Niseko and it's surrounding areas are home to many onsens (hot springs), including Yukoro Onsen in Hirafu village. 

Onsens are a part of Japanese culture and a must-do experience when in Japan. Not only is soaking in a hot bath relaxing and invigorating for the body but it's also therapeutic for the mind and soul.

To start you on your onsen experience here is our must-read guide to onsen etiquette in Japan. You'll be pleased to have read it to take the guess-work out of this authentic Japanese experience.

1. Remove clothes

No clothing or bathing suits are allowed in the onsen. Keep all clothing in the change rooms.

2. Wash your body

To preserve the purity of the onsen for all to enjoy, wash yourself and rinse off soap completely before entering.

3. Be courteous

Respect others and refrain from jumping, splashing, swimming, shouting, or otherwise disturbing fellow guests.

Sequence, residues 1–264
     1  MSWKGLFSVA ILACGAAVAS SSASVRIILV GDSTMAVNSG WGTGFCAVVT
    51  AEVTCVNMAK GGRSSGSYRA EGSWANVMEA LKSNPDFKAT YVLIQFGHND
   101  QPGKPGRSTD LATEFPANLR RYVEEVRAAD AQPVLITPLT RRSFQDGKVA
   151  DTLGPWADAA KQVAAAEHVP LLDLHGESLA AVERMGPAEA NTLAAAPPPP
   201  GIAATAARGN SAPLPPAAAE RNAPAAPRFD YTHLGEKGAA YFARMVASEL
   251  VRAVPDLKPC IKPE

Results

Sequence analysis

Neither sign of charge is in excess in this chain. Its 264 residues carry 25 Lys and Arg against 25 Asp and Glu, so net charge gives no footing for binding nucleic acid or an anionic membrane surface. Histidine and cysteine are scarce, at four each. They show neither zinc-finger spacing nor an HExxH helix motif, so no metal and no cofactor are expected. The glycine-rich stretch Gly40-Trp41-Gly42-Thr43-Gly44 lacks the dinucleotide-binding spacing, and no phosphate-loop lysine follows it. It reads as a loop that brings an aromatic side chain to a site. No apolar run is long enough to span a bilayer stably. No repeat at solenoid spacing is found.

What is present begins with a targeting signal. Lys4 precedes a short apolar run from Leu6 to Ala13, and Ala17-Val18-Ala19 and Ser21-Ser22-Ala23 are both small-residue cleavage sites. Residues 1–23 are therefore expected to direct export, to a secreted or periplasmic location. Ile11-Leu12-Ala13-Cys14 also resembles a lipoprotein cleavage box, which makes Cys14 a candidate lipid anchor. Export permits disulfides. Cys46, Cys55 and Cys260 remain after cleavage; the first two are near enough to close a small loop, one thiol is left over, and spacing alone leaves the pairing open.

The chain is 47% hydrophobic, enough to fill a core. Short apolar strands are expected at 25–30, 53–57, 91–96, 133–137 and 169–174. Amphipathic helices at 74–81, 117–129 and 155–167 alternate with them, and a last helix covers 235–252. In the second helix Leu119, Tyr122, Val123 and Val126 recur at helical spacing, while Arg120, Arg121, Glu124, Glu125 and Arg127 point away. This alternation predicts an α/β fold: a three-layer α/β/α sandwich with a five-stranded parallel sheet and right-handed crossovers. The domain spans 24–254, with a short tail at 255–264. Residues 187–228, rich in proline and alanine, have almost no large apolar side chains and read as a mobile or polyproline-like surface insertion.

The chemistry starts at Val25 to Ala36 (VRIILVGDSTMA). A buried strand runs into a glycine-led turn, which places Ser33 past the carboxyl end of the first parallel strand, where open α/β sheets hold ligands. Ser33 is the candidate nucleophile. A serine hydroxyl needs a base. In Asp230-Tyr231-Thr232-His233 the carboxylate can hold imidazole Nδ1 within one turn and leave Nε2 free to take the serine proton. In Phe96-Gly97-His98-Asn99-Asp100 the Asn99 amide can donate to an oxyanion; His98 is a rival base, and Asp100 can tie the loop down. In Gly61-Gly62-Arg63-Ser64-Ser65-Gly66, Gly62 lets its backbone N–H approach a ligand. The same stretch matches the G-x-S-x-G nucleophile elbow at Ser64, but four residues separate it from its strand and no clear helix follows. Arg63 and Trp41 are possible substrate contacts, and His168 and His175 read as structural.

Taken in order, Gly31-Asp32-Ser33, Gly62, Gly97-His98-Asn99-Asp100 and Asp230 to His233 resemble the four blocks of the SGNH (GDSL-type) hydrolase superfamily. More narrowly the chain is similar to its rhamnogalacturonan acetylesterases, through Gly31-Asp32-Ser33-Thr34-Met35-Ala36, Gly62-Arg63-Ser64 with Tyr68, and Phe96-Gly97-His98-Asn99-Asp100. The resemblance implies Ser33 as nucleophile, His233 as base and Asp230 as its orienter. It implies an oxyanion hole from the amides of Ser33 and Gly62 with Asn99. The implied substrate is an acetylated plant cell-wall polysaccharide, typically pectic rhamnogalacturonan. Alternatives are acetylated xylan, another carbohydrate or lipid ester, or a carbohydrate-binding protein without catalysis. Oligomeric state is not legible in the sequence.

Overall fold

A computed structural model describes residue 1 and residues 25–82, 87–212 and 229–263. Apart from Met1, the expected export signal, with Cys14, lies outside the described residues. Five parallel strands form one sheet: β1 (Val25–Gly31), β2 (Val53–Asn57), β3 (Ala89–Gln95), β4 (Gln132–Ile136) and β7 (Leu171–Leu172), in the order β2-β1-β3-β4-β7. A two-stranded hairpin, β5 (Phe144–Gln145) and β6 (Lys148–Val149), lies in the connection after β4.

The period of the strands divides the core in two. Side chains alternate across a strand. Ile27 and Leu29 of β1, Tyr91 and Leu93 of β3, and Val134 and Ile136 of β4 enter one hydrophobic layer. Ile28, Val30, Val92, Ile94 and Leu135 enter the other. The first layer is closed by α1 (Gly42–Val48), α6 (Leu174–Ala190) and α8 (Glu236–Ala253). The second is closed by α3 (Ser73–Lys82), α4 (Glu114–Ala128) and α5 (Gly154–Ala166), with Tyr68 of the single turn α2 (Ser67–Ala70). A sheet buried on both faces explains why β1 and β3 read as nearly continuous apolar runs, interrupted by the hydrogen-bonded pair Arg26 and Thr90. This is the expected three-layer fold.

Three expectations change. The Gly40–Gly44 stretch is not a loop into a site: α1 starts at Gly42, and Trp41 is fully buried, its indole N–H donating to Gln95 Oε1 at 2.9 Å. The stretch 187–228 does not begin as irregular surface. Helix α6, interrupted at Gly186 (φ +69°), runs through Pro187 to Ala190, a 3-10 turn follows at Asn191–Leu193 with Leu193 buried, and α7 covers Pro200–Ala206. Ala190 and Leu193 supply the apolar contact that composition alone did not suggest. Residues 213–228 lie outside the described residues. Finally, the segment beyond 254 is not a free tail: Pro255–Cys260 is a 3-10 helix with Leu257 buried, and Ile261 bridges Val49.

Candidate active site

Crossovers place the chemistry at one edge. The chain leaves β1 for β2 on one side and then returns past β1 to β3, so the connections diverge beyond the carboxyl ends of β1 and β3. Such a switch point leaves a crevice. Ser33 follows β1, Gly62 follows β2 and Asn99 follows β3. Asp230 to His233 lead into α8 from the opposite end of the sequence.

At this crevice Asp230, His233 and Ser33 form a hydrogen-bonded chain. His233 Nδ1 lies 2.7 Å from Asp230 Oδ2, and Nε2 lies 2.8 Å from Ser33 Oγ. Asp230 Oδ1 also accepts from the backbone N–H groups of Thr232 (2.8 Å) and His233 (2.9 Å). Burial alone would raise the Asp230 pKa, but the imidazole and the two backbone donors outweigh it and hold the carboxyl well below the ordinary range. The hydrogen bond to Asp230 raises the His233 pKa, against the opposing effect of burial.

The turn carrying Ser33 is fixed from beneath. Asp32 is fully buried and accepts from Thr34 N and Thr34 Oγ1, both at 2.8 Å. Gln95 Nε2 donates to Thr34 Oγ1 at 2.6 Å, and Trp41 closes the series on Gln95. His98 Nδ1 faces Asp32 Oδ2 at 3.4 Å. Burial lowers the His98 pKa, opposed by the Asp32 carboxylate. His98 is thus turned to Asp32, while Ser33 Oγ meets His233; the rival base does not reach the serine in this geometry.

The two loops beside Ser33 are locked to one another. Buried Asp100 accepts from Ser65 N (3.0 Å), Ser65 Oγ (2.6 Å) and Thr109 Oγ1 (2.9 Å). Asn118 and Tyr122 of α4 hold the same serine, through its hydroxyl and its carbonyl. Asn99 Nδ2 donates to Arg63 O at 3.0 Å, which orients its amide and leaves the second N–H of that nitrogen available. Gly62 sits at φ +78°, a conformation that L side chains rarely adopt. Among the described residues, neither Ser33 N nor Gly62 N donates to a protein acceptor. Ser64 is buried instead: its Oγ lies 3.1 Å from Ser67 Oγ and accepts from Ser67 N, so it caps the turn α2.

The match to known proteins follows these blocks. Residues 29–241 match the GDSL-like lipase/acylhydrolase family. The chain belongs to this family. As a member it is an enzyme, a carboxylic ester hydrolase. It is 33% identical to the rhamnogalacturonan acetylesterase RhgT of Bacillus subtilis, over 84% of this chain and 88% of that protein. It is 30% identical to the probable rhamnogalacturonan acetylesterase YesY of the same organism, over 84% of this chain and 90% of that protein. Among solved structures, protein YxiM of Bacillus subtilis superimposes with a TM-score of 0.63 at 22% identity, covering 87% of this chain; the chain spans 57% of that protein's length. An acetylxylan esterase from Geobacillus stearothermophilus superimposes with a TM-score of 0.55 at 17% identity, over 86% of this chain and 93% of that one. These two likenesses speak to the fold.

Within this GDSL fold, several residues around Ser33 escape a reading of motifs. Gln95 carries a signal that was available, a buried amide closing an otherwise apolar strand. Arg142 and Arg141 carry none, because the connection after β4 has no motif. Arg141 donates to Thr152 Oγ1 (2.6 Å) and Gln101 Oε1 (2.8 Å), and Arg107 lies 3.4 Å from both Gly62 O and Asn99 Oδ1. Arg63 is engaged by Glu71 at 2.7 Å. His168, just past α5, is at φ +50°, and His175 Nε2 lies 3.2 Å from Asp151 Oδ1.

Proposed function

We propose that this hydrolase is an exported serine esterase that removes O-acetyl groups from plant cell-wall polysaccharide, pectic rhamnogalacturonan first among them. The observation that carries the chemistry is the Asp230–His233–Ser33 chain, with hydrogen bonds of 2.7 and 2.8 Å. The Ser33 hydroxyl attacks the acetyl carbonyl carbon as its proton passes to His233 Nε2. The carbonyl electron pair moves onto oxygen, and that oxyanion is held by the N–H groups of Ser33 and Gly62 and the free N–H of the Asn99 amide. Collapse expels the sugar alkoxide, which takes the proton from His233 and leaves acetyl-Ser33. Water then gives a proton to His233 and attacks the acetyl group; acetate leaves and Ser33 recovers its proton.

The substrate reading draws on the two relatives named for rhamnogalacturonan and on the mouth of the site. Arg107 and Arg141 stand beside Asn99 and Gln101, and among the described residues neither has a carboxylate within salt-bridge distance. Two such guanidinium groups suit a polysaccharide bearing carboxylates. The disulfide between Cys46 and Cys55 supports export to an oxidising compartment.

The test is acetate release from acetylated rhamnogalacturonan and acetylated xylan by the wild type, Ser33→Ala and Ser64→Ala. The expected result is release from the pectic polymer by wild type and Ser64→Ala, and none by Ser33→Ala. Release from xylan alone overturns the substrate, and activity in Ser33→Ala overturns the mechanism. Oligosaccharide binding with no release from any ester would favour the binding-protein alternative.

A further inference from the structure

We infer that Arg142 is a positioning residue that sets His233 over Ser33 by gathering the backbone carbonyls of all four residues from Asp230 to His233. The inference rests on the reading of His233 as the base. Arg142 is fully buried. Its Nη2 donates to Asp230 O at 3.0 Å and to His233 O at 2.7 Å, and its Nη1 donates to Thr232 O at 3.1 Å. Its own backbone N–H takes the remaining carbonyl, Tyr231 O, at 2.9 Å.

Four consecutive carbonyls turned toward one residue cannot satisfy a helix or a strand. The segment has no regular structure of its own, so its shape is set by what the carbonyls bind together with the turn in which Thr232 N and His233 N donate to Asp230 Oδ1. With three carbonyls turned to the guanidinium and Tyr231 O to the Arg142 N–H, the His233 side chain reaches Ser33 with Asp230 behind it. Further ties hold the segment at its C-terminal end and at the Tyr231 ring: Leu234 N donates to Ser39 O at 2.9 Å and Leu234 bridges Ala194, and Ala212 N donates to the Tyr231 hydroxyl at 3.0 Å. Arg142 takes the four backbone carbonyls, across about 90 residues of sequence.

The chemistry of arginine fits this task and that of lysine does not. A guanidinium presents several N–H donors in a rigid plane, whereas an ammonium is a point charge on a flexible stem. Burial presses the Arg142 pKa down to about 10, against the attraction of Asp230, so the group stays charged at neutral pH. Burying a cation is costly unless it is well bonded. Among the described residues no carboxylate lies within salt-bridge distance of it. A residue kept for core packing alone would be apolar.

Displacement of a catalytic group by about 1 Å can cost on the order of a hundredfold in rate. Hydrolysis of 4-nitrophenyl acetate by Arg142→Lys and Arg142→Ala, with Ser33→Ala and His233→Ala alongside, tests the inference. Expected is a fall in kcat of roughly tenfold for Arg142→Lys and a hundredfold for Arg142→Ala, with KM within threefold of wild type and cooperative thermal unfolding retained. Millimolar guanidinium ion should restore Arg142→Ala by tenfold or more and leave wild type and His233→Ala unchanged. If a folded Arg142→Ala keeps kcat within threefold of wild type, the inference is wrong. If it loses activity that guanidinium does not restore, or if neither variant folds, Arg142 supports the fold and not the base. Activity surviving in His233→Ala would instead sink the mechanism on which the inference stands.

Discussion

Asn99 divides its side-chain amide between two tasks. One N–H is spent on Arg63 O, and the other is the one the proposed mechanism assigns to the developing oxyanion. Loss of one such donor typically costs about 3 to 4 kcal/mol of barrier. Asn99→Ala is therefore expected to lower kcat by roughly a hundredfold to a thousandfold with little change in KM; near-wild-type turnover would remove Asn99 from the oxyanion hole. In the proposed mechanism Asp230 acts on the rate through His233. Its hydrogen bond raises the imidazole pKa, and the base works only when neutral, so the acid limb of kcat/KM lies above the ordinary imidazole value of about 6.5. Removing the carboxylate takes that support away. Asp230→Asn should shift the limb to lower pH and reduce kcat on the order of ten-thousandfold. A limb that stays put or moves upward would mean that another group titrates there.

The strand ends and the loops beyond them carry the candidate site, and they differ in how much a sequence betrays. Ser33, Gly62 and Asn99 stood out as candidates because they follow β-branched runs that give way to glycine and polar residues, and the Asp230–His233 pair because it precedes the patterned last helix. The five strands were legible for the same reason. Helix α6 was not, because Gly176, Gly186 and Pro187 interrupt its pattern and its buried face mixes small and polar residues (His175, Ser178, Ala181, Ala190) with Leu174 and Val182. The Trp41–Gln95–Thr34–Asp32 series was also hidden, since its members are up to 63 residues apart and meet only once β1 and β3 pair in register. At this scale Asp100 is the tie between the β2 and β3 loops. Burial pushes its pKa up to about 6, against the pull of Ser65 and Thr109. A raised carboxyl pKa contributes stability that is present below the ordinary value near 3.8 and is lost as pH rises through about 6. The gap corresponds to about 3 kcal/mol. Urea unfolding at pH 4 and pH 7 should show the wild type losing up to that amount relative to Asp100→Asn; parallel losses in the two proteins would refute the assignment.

Place your modesty towel on your head and always out of the onsen. (Yugokoro-tei Onsen pictured).

4. Tie hair up

Long hair must be kept tied up and out of the water.

5. Soak yourself, nothing else

Keep your towel and all other items out of the onsen.

6. Be sober

For your health, refrain from using the onsen or sauna when intoxicated.

7. Don't eat or drink

Respect the peace and relaxation of others by not eating or drinking in the onsen.

8. No photography allowed

While it may be tempting to snap a picture of the beautiful scenery at the onsen, respect people's privacy by not taking photos. Cameras or cell phones are not allowed in onsen.

9. Dry off

Wipe off excess water with your face towel before stepping into the changing room.

For more information on where to visit an onsen, visit our Onsen listing.

Sofie Lahtinen

Posted on 30 January, 2018 by Sofie Lahtinen in Travel Tips, Winter.